PubMed | American University of Beirut and Makassed General Hospital Beirut
Type: | Journal: Frontiers in cellular and infection microbiology | Year: 2015

Urinary tract infections (UTIs) are among the most common infections in the pediatric population. Over the last two decades, antibiotic resistance is increasing significantly as extended spectrum beta lactamase (ESBL) producing organisms are emerging. The aim of this study is to provide a comprehensive view of the epidemiologic characteristics of UTIs in hospitalized children, examine the risk factors of UTIs caused by ESBL-producing organisms, and determine the resistance patterns in the isolated organisms over the last 10 years.Retrospective chart review was conducted at two Lebanese medical centers. Subjects were identified by looking at the following ICD-9 discharge codes: Urinary tract infection, UTI, Cystitis, and/or Pyelonephritis. Children less than 18 years of age admitted for UTI between January 1st, 2001 and December 31st, 2011 were included. Cases whose urine culture result did not meet our definition for UTI were excluded. Chi-square, Fishers exact test, and multivariate logistic regression were used to determine risk factors for ESBL. Linear regression analysis was used to determine resistance patterns.The study included 675 cases with a median age of 16 months and female predominance of 77.7% (525 cases). Of the 584 cases caused by Escherichia coli or Klebsiella spp, 91 cases (15.5%) were found to be ESBL-producing organisms. Vesico-ureteral reflux and previous antibiotics use were found to be independent risk factors for ESBL-producing E. coli and Klebsiella spp. (p < 0.05). A significant linear increase in resistance to all generations of Cephalosporins (r (2) = 0.442) and Fluoroquinolones (r (2) = 0.698) was found.The recognition of risk factors for infection with ESBL-producing organisms and the observation of increasing overall resistance to antibiotics warrant further studies that might probably lead to new recommendations to guide management of UTIs and antibiotic use in children and adolescents.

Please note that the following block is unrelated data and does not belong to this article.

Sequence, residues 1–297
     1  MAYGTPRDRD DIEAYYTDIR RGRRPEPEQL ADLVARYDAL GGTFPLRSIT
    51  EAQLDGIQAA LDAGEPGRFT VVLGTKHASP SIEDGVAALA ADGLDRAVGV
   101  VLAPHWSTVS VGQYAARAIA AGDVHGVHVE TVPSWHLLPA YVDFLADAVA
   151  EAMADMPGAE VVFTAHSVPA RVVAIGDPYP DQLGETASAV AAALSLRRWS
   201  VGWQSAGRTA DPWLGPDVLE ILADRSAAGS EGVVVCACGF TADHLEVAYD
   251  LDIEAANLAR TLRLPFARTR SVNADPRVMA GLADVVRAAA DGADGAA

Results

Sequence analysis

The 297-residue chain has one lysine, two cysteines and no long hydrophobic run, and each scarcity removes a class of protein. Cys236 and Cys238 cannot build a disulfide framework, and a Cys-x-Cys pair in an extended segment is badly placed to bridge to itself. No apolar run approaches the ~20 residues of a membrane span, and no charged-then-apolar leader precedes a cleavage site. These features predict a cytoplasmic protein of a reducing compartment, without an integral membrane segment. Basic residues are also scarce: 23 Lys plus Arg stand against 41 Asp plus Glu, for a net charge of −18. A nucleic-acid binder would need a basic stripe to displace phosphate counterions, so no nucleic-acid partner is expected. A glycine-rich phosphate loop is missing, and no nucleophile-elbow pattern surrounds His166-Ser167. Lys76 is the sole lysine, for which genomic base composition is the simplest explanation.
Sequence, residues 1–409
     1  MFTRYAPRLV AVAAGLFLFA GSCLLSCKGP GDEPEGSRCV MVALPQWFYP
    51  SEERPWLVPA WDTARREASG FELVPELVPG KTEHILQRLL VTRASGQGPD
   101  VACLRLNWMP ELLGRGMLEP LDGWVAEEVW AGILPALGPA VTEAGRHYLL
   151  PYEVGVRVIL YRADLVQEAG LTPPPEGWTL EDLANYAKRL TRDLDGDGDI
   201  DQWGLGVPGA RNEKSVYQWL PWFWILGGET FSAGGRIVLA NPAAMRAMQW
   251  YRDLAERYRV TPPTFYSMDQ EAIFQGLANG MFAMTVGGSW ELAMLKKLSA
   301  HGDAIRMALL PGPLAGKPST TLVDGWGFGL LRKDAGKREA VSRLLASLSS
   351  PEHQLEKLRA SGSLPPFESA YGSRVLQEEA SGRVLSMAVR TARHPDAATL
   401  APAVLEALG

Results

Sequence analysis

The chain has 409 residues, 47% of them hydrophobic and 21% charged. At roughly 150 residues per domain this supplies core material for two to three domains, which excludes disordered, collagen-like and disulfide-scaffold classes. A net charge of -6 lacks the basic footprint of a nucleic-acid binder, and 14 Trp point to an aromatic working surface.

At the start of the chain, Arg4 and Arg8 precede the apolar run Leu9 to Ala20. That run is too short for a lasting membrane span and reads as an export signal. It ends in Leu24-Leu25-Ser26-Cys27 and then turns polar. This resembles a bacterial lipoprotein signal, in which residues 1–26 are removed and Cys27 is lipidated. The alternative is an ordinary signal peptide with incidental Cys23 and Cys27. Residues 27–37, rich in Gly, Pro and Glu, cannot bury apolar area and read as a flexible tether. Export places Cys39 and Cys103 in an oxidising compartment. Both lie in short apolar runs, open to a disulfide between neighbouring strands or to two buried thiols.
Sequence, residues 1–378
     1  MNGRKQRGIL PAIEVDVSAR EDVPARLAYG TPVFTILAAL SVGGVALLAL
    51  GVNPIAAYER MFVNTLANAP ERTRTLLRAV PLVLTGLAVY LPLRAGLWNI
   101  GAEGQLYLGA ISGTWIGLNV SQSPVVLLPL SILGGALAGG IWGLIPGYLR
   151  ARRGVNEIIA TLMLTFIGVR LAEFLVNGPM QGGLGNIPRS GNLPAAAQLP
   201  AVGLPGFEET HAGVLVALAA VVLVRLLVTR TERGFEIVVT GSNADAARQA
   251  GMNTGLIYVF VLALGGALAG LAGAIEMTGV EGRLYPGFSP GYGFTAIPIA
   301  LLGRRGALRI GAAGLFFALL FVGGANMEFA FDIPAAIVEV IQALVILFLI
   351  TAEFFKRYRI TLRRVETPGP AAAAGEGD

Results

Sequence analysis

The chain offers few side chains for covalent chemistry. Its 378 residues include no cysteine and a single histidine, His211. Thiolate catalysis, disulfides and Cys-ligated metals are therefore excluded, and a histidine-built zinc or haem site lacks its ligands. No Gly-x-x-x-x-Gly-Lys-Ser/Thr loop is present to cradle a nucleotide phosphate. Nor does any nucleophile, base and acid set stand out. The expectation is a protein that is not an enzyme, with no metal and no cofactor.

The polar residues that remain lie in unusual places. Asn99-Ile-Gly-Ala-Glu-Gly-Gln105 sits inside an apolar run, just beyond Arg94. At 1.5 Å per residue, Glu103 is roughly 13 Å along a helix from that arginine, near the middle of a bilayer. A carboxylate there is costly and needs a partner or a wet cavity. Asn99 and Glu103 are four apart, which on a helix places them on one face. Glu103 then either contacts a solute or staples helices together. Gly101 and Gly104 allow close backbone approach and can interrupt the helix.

Bacteremia remains a major cause of life-threatening complications in patients receiving anticancer chemotherapy. The spectrum and susceptibility profiles of causative microorganisms differ with time and place. Data from Lebanon are scarce. We aim at evaluating the epidemiology of bacteremia in cancer patients in a university hospital in Lebanon, emphasizing antibiotic resistance and risk factors of multi-drug resistant organism (MDRO)-associated bacteremia.This is a retrospective study of 75 episodes of bacteremia occurring in febrile neutropenic patients admitted to the hematology-oncology unit at Makassed General Hospital, Lebanon, from October 2009-January 2012. It corresponds to epidemiological data on bacteremia episodes in febrile neutropenic cancer patients including antimicrobial resistance and identification of risk factors associated with third generation cephalosporin resistance (3GCR) and MDRO-associated bacteremia.Out of 75 bacteremias, 42.7% were gram-positive (GP), and 57.3% were gram-negative (GN). GP bacteremias were mostly due to methicillin-resistant coagulase negative staphylococci (28% of total bacteremias and 66% of GP bacteremias). Among the GN bacteremias, Escherichia coli (22.7% of total, 39.5% of GN organisms) and Klebsiella pneumoniae(13.3% of total, 23.3% of GN organisms) were the most important causative agents. GN bacteremia due to 3GC sensitive (3GCS) bacteria represented 28% of total bacteremias, while 29% were due to 3GCR bacteria and 9% were due to carbapenem-resistant organisms. There was a significant correlation between bacteremia with MDRO and subsequent intubation, sepsis and mortality. Among potential risk factors, only broad spectrum antibiotic intake >4 days before bacteremia was found to be statistically significant for acquisition of 3GCR bacteria. Using carbapenems or piperacillin/tazobactam>4 days before bacteremia was significantly associated with the emergence of MDRO (p < 0.05).Our findings have major implications for the management of febrile neutropenia, especially in breakthrough bacteremia and fever when patients are already on broadspectrum antibiotics. Emergence of resistance to 3GCs and, to a lesser extent, to carbapenems in GN isolates has to be considered seriously in our local guidelines for empiric treatment of febrile neutropenia, especially given that their occurrence was proven to be associated with poorer outcomes.